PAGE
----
With the new advances in smart phones, iPads and tablets, and new windows operating systems, the tech world for senior lawyers became a whole lot easier. Gone are the old DOS commands and many of the other problems that many lawyers who have now become senior lawyers did not want to deal with when the computers first started 30 years ago. Times have changed and it is now possible to dictate to the computer with good accuracy using voice recognition to draft letters and other documents. For example, this column was dictated on my iPhone and e-mailed to my Legal Assistant to put in proper format.
Thanks to the great work of Hon. Edward Schoenbaum, Lauren Golden, Gary Rafool, Senior Section Technology Chair Frank Ariano and Don Mateer, the prior chair, the Senior Lawyer Section is putting on a Computer Basics Program for Senior Lawyers in Chicago on October 18. The details of the program are contained in another article in this newsletter. What this section has been working to develop for the last couple of years is to provide a resource for senior lawyers in order to assist senior lawyers to become tech savvy in the 21st century.
Our children and our grandchildren are technology savvy. My two-and-half-year-old granddaughter has been able to use the iPad and iPhone to play games and do various tasks on the iPad and iPhone since she was able to say “play.” If a two-year-old can manipulate the iPhone and iPad there’s no reason senior lawyers with all their education and experience can’t do the same. It does take some time and some patience and the ability to laugh at one’s own mistakes but getting the basics of tech savvy is worth the time and effort. There is a whole world of information out there and user-friendly applications “apps” that are on most smart phones and tablets can be taken advantage of to do word processing, edit documents, keep notes, and read books. The apps are intuitive and even senior lawyers with a little help can learn to use them.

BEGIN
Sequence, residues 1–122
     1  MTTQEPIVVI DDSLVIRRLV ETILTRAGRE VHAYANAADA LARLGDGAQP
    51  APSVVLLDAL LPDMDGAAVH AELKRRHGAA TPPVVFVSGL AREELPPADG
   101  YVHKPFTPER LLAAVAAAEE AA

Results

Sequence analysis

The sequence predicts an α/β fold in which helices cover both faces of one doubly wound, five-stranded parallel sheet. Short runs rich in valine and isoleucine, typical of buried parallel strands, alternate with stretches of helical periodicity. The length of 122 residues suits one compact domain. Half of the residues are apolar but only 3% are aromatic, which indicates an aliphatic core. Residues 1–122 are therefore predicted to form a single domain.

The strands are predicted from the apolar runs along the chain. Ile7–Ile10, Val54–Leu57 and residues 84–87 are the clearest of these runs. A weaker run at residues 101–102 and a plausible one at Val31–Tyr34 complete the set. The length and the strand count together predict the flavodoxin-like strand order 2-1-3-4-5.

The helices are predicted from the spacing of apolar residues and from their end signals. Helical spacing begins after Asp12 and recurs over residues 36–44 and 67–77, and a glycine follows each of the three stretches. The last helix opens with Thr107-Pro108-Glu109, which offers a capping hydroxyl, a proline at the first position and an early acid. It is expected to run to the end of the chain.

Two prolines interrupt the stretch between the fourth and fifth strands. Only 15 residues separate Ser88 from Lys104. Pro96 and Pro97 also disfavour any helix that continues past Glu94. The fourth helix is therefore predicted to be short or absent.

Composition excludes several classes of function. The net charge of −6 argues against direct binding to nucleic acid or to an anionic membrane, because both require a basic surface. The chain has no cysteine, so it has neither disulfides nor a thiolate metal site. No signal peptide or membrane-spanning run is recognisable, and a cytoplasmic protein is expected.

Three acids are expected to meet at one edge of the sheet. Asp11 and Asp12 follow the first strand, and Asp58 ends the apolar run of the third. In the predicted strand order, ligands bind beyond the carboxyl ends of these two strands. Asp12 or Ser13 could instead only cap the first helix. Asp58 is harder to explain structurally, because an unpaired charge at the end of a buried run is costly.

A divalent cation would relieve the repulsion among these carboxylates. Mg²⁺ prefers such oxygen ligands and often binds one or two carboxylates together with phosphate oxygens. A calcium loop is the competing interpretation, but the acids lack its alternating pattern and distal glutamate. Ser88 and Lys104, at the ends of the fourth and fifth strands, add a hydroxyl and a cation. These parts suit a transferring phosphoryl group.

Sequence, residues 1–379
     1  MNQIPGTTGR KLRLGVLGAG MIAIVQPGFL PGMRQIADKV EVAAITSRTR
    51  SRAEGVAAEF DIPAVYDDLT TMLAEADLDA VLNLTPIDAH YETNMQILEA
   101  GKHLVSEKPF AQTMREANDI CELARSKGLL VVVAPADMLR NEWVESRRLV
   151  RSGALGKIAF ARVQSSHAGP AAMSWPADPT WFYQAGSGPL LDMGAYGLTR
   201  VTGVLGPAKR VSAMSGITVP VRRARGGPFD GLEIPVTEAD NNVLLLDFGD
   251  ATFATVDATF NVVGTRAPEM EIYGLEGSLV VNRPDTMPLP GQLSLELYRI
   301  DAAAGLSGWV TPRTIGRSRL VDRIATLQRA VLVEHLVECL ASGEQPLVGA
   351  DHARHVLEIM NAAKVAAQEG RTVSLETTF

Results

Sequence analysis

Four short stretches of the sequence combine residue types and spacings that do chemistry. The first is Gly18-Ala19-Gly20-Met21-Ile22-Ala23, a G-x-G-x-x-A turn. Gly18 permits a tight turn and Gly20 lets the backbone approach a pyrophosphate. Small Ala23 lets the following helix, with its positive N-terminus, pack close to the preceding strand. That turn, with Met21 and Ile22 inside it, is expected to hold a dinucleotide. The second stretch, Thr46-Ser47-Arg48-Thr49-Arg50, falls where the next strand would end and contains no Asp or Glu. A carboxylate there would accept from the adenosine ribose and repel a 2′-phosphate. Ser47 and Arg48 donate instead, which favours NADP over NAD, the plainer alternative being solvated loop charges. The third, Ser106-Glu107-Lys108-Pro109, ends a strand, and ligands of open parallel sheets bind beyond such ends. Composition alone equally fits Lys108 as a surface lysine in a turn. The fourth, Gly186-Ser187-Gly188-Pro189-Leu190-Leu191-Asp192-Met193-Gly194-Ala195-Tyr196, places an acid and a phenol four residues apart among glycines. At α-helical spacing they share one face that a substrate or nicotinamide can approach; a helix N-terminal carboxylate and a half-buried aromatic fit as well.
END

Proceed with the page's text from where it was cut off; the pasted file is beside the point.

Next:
E-mail is now the basic form of communication between family, businesses, lawyers and all other segments of our society. We have reached a point where senior lawyers need to be proficient with at least the basics of computers, smart phones and tablets in order to communicate with others, especially their children and grandchildren. The “not on my desk” mentality of many older lawyers is no longer appropriate because it denies them access to the world. There was a time when the learning curve required to be proficient with computers supported that statement. The difference is that today, a senior lawyer can have a smart phone or a tablet device that is user-friendly and reasonably intuitive which allows her or him to learn how to do what he or she wants to do. There is no big cumbersome computer that makes you tied to your desk and requires you to have a lot of knowledge on how to make that contraption work. Today’s lightweight laptops and powerful desktop computers allow a user to become proficient in a short time.